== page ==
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Tag: Scott Cooper

QuickView: The Pale Blue Eye (2022)

“I do consider death to be one of poetry’s most exalted themes.”

Cadet Edgar Allen Poe

Sleepy Hollow for a new generation, The Pale Blue Eye adapts Louis Bayard’s murder mystery novel set during Edgar Allen Poe’s time at West Point Military Academy, the title plucked from his most famous poem, Lenore. Scott Cooper draws inspiration liberally from Sleepy Hollow’s aesthetic, with snow-covered forests providing greater chill than the film’s dabbling in occult horror. Masanobu Takayanagi’s cinematography often veers toward a blue-tinted greyscale, reminiscent of his similar natural landscapes in The Grey. In his third collaboration with Cooper, Christian Bale is reliable as ever in the role of outside investigator Landor. However, the primary reason to see the film is to experience Harry Melling’s enthralling performance as Poe — physical similarity aside, he captures the inner world of the man’s open-minded intellect and his fascination with death. The film’s dual perspective between this unlikely pair — drawn together by their intellect and isolation — can dilute its potency. The Pale Blue Eye succeeds more in atmosphere than its ponderous storytelling, the mystery unfolding adequately if not quite satisfyingly (an early clue is ignored by the characters yet subsequently proves key, whilst other information is withheld entirely). Strong performance and exquisite imagery are sufficient to maintain engagement, but The Pale Blue Eye leaves the viewer cold rather than chilled.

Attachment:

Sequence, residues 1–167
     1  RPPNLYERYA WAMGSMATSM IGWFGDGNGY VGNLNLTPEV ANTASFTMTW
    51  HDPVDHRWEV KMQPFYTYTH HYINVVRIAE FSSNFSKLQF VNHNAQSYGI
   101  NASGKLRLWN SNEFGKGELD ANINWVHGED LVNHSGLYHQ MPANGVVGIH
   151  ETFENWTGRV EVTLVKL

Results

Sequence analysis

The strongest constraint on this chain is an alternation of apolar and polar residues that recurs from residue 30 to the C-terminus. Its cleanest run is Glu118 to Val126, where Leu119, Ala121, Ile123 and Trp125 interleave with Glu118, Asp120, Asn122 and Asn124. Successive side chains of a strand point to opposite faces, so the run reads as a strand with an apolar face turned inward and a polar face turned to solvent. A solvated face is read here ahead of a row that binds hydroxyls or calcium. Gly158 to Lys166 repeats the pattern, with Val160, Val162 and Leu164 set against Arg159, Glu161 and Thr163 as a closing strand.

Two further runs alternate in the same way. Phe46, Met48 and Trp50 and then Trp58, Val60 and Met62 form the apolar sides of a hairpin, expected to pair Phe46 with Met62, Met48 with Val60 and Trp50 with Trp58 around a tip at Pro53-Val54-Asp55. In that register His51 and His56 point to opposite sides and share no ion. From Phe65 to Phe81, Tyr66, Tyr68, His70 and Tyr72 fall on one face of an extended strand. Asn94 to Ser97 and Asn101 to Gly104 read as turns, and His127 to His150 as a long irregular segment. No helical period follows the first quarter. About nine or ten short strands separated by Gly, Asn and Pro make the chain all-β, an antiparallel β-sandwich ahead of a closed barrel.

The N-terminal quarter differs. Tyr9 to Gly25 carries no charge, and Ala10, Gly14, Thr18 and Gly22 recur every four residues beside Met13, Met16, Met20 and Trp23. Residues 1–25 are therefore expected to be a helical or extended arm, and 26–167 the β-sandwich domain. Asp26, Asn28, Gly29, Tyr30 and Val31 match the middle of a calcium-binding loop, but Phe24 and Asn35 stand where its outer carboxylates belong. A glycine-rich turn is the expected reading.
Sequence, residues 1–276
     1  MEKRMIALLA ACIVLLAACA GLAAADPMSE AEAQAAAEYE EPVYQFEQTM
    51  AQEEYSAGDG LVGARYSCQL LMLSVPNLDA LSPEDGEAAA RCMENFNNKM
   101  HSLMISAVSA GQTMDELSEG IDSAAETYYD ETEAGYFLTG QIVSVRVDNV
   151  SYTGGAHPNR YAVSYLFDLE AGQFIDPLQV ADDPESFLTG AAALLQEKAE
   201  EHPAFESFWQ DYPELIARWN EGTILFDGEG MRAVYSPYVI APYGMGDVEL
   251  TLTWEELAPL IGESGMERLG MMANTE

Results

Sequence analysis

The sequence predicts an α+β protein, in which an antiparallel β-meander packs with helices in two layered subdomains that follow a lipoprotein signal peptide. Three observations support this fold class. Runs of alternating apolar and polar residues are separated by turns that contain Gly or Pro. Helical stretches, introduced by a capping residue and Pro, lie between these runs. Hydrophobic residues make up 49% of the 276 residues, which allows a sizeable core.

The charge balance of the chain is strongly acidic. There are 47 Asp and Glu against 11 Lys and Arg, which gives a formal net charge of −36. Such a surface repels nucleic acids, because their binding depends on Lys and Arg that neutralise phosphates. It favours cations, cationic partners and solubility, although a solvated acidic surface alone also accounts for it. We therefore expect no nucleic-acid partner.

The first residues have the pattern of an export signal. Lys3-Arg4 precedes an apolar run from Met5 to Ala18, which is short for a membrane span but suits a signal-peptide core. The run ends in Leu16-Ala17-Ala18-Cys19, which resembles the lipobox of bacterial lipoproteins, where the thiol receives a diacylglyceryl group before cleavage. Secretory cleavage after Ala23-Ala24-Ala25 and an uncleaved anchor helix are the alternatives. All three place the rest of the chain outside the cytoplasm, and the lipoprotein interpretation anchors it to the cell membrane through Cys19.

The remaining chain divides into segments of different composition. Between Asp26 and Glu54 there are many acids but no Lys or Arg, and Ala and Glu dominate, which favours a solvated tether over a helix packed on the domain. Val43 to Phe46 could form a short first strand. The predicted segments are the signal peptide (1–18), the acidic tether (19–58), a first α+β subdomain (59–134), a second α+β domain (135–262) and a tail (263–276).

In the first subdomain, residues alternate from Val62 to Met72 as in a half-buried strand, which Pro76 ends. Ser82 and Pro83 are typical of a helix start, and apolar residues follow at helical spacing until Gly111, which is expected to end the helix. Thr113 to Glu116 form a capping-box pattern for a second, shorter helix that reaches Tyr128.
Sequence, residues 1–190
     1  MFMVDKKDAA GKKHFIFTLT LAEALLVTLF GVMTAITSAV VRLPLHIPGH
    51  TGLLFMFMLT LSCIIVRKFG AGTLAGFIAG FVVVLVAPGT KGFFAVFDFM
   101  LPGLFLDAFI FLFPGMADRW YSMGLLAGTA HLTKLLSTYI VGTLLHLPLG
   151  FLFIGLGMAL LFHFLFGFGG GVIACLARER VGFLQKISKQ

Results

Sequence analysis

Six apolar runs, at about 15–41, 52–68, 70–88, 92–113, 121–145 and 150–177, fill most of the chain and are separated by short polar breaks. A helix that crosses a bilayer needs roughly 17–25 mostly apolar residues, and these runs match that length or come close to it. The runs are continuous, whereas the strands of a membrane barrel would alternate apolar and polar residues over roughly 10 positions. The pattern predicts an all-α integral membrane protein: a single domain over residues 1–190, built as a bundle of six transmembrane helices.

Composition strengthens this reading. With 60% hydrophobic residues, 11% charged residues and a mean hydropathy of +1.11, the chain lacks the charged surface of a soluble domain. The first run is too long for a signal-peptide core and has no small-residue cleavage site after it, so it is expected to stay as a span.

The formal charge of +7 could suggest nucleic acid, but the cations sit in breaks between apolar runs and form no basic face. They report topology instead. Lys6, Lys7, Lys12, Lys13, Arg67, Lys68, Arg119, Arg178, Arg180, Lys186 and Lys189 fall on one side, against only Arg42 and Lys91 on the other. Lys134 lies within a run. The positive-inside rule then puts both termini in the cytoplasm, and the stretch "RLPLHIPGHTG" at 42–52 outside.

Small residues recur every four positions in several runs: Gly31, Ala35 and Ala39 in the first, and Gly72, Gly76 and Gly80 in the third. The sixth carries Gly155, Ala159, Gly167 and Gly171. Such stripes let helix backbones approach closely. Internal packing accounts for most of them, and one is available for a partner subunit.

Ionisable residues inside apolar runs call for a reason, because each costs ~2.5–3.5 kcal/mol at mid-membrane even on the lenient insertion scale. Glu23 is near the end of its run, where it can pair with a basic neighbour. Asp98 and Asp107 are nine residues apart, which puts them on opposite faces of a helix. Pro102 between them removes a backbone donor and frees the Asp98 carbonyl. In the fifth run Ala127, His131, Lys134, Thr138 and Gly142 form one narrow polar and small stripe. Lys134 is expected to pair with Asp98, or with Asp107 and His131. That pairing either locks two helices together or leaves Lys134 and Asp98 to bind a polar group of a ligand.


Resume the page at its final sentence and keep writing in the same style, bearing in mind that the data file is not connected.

Crazy Heart (2010)

Crazy Heart poster

director: Scott Cooper
writer: Scott Cooper, Thomas Hobb (novel)
starring: Jeff Bridges, Maggie Gyllenhaal, Colin Farrell, Jack Nation, Robert Duvall
running time: 112 mins
rating: 15

My real name’ll be on my tombstone.
‘Til then I’ll just stay Bad.

Trailers made Crazy Heart look like a country music version of The Wrestler, a first impression that proves entirely accurate. While Bridge’s impeccable turn as Bad Blake may be more understated than Mickey Rourke (and lacking the certain poignance granted by Rourke’s own tumultuous life), both offer similar introspective views of a washed-up professionals trying to rebuild their careers and their lives.

Bad Blake [Jeff Bridges], once a massive country music star, now finds himself playing low key gigs in small town dives while his protégé Tommy Sweet [Colin Farrell] has soared to success. Rundown, broke and alcoholic, Bad stubbornly refuses Tommy’s help, feeling betrayed by the younger star. Ditching his meaningless trysts with older fans after becoming enamoured with a reporter [Maggie Gyllenhaal] and her son, Bad finds something to live for and ultimately inspiration for his songwriting and a reason to clean up his life.

The entire film rests on Bridges’ very capable shoulders, and the veteran actor absolutely embodies Bad Blake. He capable handles the singing role while exhibiting enough charm that we see both the former star and the spark to which a much younger woman would be attracted. The detailed nuance to the performance is impressive, from his resigned gaze and gait to a stumbling alcoholic stupor that never stoops to caricature. There is a wider supporting cast than in The Wrestler, though all are clearly there to support Bridges. Gyllenhaal handles her role as the love interest believably and sympathetically, and Colin Farrell tones down his charm while retaining his star presence. He sings impressively and Sweet’s respect for his mentor is clear.

Crazy Heart may offer little new, but the palpable honest simplicity of Scott Cooper’s directorial debut shines. Accompanied by a stirring country soundtrack, it offers such a strong central performance that one cannot help but be caught up in Bad’s redemptive tale, and it demands to be seen whether or not you are a country music aficionado.

rating: 3/4

"A film is a petrified fountain of thought."

(CC) BY-NC 2003-2023 Priyan Meewella

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